At the close of business Friday, Republican Governor Kim Reynolds’ staff announced the governor had vetoed a bill that would have expanded Iowa’s medical marijuana program.
The bill would have let more potent cannabis pills, oils and creams be produced and sold in Iowa. Forty of the 50 members of the Iowa Senate voted for the bill and it passed the House by an even larger, 96-to-3 margin, but some House Republicans began to have reservations after their votes when members of a state advisory board raised concerns.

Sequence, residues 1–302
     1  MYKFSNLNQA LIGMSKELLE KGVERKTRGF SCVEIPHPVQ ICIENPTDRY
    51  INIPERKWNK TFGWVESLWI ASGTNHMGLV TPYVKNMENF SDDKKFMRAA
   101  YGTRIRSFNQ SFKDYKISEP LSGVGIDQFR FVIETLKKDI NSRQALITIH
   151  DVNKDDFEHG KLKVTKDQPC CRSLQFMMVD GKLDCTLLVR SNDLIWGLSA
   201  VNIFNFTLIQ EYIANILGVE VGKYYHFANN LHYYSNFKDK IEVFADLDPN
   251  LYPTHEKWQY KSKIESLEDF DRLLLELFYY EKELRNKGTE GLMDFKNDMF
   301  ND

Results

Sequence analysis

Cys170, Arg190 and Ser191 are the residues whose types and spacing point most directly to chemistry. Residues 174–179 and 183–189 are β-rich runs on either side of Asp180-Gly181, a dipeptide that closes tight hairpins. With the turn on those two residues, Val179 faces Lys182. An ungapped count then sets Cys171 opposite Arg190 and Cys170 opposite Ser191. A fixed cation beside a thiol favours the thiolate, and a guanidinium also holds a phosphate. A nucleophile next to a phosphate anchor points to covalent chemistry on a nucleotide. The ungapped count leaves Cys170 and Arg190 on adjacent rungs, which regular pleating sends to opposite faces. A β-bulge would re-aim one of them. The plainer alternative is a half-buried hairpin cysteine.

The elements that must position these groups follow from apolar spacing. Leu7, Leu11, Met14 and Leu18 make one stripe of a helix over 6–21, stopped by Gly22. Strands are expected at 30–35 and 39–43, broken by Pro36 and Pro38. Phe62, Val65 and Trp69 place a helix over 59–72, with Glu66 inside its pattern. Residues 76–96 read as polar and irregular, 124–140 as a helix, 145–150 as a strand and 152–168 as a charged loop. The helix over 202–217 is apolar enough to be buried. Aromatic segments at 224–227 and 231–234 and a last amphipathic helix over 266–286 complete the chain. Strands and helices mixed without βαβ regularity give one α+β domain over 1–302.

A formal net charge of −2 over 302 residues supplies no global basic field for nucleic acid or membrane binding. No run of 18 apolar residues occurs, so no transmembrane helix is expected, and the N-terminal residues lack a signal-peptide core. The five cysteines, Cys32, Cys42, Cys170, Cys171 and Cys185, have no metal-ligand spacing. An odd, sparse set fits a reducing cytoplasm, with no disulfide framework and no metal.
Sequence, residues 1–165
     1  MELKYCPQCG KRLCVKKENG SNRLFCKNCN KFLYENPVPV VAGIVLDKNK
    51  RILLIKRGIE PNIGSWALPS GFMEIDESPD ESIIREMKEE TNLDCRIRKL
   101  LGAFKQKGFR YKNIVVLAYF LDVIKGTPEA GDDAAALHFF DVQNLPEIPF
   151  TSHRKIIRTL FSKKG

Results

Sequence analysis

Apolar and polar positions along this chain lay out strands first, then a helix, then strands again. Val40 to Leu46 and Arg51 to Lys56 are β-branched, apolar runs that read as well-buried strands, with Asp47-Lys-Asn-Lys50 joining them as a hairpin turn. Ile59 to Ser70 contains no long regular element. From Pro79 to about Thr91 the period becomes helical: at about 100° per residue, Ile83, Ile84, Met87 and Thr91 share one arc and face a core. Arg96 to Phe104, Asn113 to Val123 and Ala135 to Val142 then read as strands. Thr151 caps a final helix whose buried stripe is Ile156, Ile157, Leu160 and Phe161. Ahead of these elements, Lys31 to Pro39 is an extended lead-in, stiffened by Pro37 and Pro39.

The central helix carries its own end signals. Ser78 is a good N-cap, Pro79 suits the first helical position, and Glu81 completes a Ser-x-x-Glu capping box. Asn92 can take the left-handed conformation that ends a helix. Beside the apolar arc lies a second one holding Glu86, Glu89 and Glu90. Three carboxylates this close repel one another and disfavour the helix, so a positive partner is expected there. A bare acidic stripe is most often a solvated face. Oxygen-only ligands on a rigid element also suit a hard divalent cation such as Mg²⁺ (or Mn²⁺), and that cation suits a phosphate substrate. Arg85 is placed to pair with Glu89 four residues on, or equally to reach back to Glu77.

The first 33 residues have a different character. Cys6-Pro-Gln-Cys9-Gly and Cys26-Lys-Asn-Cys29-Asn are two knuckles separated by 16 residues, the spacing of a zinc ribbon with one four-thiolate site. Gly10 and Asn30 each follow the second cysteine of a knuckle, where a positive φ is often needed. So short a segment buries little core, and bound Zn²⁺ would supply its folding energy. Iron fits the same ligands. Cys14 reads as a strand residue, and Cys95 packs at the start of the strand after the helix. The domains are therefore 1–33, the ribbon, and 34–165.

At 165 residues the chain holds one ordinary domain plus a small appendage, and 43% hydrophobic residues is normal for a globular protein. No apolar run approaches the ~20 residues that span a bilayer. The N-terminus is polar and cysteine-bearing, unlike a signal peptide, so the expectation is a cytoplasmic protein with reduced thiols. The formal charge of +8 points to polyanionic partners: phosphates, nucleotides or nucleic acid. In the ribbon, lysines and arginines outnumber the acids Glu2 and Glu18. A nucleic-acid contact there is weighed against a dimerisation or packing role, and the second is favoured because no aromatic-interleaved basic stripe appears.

Reynolds said hadn’t found an “evidence-based justification” for letting patients buy cannabis products with a higher amount of the chemical known as THC. The state drug czar said there’s “limited scientific consensus” about the medicinal benefits of cannabis and the governor made a prudent decision.
Republican Senators Brad Zaun, Jack Whitver — the Senate Majority Leader — and Senate President Charles Schneider issued statements, saying they were disappointed in the veto and they vowed to work on expanding the program again next year. Democrats who worked on the bill said the veto was “distressing news” for Iowans seeking more relief from a plant-based product rather than opioids.